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FY2022 Funding for Child Care in the Omnibus Package

March 28, 2022


On March 15, 2022, President Biden signed into law the bipartisan FY2022 omnibus funding package, which allocates discretionary spending for federal government programs through the fiscal year ending September 30, 2022, and provides emergency assistance to Ukraine. 

Over the past decade, federal child care and early learning programs have seen steady increases through bipartisan investments from Congress. The FY2022 omnibus package includes $6.17 billion total for CCDBG, which is a total increase of $254 million from FY2021. This is however, less than President Biden’s budget proposal, which requested $7.38 billion total for CCDBG. Other early learning programs received increases as well. These increases, while important, are insufficient to meet the needs of children and families across the country. For example, greater resources are necessary to expand eligibility for assistance. Currently, only 14% of income eligible children receive child care assistance due to chronic underfunding. Further, the program is not designed to build the comprehensive child care and early learning system that families have needed for decades. We know that families across the country at every income level currently struggle to access child care that is high-quality, affordable, and accessible. Without sustainable long-term investments in child care, families, especially women, will continue to struggle to return to the workforce.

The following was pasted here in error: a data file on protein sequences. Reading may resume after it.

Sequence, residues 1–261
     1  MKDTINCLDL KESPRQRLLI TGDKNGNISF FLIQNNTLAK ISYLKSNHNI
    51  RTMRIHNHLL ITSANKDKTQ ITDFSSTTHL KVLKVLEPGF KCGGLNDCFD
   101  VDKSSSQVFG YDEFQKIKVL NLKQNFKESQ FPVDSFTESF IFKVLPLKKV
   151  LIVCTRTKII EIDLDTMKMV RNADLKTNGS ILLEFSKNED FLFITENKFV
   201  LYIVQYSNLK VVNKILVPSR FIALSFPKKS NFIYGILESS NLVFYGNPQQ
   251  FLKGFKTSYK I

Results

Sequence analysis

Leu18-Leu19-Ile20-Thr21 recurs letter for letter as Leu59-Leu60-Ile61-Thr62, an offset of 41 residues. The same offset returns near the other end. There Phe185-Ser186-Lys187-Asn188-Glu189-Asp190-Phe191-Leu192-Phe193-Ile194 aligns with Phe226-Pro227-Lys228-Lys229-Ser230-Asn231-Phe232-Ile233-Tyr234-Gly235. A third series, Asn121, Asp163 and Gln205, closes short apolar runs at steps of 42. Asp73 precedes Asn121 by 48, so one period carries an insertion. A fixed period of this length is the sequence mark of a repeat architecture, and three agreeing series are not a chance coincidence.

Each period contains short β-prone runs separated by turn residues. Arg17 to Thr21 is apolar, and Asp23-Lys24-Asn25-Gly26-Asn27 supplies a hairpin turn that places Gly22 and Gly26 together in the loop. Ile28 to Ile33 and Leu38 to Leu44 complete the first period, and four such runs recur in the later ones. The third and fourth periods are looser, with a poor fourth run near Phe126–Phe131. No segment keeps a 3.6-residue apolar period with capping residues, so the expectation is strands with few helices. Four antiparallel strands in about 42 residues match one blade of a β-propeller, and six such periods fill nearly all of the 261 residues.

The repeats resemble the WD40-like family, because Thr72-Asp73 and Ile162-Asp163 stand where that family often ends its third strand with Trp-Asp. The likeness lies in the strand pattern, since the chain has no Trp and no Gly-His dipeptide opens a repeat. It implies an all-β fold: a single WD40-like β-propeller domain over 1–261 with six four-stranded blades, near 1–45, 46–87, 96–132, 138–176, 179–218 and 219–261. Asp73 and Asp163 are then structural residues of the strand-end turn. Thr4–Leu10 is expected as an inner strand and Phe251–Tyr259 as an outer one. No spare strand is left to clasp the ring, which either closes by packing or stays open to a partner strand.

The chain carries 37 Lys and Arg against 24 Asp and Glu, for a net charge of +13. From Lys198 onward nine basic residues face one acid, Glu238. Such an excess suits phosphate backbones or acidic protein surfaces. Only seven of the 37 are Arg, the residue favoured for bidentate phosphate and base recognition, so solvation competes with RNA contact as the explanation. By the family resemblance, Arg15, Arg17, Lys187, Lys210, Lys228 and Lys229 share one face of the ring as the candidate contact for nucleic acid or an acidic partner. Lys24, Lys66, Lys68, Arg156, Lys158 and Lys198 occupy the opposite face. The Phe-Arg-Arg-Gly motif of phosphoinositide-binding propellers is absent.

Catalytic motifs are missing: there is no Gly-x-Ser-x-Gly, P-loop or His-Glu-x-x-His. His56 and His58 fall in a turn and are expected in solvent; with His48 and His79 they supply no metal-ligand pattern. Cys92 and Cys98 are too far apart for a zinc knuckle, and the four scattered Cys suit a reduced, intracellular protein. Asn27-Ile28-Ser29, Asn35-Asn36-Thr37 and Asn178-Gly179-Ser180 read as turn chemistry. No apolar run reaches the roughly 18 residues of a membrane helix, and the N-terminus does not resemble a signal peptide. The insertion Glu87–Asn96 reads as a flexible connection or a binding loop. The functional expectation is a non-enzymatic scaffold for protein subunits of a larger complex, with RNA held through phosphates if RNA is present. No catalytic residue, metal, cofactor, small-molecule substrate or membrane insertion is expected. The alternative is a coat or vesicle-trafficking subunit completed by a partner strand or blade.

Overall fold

In addition to this funding increase for CCDBG, Congress has the opportunity to build a new child care system that works for families by passing the investments in child care and universal preschool through the reconciliation package currently under consideration.  

Christina Koch

Written by Christina Koch

Christina Koch is currently the Federal Policy Analyst at Child Care Aware of America. Her background is in federal and state education policy and she also has experience providing direct social services to children and families. She holds a Bachelor of Arts in Public Communication from American University and a Master of Social Work from the University of Maryland, Baltimore, where she was awarded the Julee Kryder-Coe Award for Advocacy and Social Action. She is originally from Cape Cod, Massachusetts.